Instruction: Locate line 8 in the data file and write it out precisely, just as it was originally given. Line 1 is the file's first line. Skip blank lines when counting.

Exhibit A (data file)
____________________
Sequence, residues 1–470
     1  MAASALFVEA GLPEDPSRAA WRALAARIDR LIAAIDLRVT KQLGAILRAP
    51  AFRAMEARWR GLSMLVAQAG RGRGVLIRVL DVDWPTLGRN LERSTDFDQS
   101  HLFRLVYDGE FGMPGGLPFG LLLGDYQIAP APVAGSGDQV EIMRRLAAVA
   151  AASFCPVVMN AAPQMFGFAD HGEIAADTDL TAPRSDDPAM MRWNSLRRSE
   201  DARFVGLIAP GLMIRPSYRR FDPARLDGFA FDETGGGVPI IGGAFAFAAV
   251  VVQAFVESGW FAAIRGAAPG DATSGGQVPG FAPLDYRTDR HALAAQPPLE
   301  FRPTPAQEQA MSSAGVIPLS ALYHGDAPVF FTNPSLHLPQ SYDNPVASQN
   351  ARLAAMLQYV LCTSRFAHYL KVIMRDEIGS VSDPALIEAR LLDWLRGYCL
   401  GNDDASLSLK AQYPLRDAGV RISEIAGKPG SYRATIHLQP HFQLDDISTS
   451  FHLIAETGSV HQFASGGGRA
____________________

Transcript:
   301  FRPTPAQEQA MSSAGVIPLS ALYHGDAPVF FTNPSLHLPQ SYDNPVASQN